Pick up a copy of the prayer guide, pray for DBC (Dakota Baptist Convention) ministries and ask the Lord what He wants you to give to the BSMO (Baker State Missions Offering). And, along the way, we will try to keep the “alphabet soup” of insider talk to a minimum and God’s Kingdom talk to the maximum.

Labor Day Theology

September 6, 2015

I suppose there are few holidays less “spiritual” than Labor Day. If you, like me, know little about the history of Labor Day, here is information from the US Dept. of Labor (http://usgovinfo.about.com/bllabor.htm).

The first Labor Day holiday was celebrated on Tuesday, September 5, 1882, in New York City, in accordance with the plans of the Central Labor Union. In l884 the first Monday in September was selected as the holiday, as originally proposed, and the Central Labor Union urged similar organizations in other cities to follow the example of New York and celebrate a “workingmen’s holiday” on that date. The idea spread with the growth of labor organizations, and in l885 Labor Day was celebrated in many industrial centers of the country.

Labor Day, the first Monday in September, is a creation of the labor movement and is dedicated to the social and economic achievements of American workers. It constitutes a yearly national tribute to the contributions workers have made to the strength, prosperity and well-being of our country.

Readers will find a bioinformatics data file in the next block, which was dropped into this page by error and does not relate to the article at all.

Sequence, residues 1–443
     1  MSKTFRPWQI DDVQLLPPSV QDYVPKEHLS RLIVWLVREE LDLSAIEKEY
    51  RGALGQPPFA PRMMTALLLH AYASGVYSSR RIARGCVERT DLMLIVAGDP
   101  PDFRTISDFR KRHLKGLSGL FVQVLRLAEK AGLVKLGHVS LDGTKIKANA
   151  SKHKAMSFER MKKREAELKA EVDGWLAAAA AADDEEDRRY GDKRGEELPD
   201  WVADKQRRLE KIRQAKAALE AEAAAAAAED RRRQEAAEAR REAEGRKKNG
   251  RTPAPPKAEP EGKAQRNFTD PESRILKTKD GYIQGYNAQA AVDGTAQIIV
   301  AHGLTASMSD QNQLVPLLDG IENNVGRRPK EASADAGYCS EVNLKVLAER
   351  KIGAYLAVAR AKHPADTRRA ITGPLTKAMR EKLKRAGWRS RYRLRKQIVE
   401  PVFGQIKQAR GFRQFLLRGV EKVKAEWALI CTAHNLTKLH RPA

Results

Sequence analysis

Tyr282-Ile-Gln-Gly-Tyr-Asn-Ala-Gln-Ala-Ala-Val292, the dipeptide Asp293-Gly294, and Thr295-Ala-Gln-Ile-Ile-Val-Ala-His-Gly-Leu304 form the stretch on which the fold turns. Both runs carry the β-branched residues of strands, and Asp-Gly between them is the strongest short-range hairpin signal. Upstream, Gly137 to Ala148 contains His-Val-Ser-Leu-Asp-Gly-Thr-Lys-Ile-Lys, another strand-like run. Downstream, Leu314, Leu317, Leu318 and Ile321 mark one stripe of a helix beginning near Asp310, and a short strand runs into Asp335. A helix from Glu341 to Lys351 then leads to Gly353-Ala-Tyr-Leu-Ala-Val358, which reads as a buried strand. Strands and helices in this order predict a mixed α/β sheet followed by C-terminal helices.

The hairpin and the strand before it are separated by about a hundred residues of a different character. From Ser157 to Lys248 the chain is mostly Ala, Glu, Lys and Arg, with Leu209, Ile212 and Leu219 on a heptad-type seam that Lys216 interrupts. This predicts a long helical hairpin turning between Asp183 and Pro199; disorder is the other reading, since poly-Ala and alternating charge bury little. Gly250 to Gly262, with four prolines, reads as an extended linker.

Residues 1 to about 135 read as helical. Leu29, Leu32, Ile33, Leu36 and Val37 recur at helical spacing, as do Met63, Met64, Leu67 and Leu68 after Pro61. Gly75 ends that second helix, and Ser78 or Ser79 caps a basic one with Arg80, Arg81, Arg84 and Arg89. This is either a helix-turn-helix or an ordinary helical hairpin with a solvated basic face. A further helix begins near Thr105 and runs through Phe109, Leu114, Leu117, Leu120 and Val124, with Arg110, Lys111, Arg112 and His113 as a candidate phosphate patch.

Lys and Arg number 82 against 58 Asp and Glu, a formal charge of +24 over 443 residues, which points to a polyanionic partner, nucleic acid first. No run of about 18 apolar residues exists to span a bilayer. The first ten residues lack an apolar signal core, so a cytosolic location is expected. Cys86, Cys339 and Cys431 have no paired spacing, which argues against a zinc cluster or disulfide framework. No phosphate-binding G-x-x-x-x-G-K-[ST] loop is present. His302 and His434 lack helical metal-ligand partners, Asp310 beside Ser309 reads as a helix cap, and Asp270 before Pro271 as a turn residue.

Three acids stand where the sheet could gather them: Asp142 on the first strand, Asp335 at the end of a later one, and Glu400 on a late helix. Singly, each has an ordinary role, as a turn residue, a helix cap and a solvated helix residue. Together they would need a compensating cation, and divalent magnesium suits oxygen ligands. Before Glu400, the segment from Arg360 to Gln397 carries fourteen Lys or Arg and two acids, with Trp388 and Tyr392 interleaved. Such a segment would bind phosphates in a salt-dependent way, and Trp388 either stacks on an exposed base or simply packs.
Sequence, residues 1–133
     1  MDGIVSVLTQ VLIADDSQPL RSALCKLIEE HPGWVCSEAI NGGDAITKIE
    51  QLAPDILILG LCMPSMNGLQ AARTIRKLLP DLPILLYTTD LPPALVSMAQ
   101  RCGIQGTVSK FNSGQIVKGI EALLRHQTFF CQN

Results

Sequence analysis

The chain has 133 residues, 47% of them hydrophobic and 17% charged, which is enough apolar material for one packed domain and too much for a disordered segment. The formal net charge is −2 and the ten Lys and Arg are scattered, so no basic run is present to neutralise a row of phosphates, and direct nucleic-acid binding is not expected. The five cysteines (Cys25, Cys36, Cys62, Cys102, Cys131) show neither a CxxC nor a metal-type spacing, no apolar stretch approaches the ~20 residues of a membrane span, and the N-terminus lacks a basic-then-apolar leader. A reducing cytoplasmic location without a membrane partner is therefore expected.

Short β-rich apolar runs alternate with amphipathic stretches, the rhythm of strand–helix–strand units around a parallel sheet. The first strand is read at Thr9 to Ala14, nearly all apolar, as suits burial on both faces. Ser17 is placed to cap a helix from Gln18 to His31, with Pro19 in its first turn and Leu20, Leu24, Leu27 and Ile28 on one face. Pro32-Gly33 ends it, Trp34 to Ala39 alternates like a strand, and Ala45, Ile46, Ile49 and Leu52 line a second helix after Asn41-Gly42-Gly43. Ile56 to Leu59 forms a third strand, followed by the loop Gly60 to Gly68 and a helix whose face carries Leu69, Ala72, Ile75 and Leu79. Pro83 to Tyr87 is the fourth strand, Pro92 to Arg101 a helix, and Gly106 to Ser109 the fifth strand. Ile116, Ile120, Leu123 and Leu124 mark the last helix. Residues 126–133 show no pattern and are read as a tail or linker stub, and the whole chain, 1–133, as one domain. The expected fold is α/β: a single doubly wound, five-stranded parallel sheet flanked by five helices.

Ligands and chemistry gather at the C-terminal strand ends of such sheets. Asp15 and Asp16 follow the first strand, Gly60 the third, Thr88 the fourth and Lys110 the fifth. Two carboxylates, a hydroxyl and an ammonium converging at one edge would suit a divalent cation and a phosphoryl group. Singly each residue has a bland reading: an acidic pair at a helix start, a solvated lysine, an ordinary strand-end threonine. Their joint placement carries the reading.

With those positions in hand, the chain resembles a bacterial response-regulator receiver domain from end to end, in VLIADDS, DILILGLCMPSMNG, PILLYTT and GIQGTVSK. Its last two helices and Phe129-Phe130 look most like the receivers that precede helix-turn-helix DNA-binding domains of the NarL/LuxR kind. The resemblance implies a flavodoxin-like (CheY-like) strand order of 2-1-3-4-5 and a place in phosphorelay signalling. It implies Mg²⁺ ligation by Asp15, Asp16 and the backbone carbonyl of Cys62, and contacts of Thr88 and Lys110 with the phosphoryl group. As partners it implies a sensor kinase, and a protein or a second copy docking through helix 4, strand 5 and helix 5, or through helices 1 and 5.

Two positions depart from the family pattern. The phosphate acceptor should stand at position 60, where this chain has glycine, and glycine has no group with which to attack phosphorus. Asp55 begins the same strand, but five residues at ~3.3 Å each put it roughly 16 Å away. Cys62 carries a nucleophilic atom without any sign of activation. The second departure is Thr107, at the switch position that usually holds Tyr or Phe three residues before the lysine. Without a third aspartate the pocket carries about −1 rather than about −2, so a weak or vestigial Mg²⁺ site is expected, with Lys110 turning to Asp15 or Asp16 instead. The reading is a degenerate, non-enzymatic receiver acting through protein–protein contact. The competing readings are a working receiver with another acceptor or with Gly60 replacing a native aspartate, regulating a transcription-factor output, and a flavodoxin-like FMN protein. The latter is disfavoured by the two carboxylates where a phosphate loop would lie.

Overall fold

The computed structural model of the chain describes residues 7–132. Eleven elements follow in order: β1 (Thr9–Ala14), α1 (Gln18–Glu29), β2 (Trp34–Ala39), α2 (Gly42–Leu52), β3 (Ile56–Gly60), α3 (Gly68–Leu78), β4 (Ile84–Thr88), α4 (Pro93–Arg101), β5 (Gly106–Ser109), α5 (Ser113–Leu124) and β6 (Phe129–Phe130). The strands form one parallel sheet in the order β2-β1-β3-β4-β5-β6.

Although this history is very man centered, I am convinced that all work is indeed spiritual activity. I am often reminded that in His creation of mankind, God gave Adam work to do. “The LORD God took the man and put him in the Garden of Eden to work it and take care of it.” (Genesis 2:12) This work was not a curse, nor a punishment, but a blessing and an opportunity to co-labor with God. God creates, mankind cares for His creation. In fact, this principle can still guide our actions and plans.

This is not just an Old Testament insight. Colossians 3:22-24 says, “Slaves, obey your earthly masters in everything; and do it, not only when their eye is on you and to win their favor, but with sincerity of heart and reverence for the Lord. Whatever you do, work at it with all your heart, as working for the Lord, not for men, since you know that you will receive an inheritance from the Lord as a reward. It is the Lord Christ you are serving.”

The Bible tells us that believers should do their work directly for the Lord. HE is the one who will reward us in the end. Whatever my job; be it chosen, forced, paid, or volunteer it can be done so that the Lord Jesus is honored by my work.

I think we need a revival of sorts in our jobs – whatever our job may be. We must ask the question, “When Jesus looks into my heart as I do my job, does He see an offering to Him, or toil grudging given to my earthly boss?”

All of our labor, from the Bible’s point of view, is holy, sacred and an offering fit for the King of the Universe! Now that is worth celebrating on Labor Day!

H’s Visit

August 30, 2015